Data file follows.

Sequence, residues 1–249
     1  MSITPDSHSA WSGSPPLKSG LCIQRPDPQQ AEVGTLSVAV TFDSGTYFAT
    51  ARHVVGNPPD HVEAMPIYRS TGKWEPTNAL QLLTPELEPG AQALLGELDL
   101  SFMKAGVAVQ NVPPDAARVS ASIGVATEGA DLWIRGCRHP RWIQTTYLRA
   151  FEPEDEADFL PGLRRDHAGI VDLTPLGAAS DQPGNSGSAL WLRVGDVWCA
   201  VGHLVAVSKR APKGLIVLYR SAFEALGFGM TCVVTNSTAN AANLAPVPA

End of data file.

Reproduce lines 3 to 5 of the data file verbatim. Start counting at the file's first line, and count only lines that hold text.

    51  ARHVVGNPPD HVEAMPIYRS TGKWEPTNAL QLLTPELEPG AQALLGELDL
   101  SFMKAGVAVQ NVPPDAARVS ASIGVATEGA DLWIRGCRHP RWIQTTYLRA
   151  FEPEDEADFL PGLRRDHAGI VDLTPLGAAS DQPGNSGSAL WLRVGDVWCA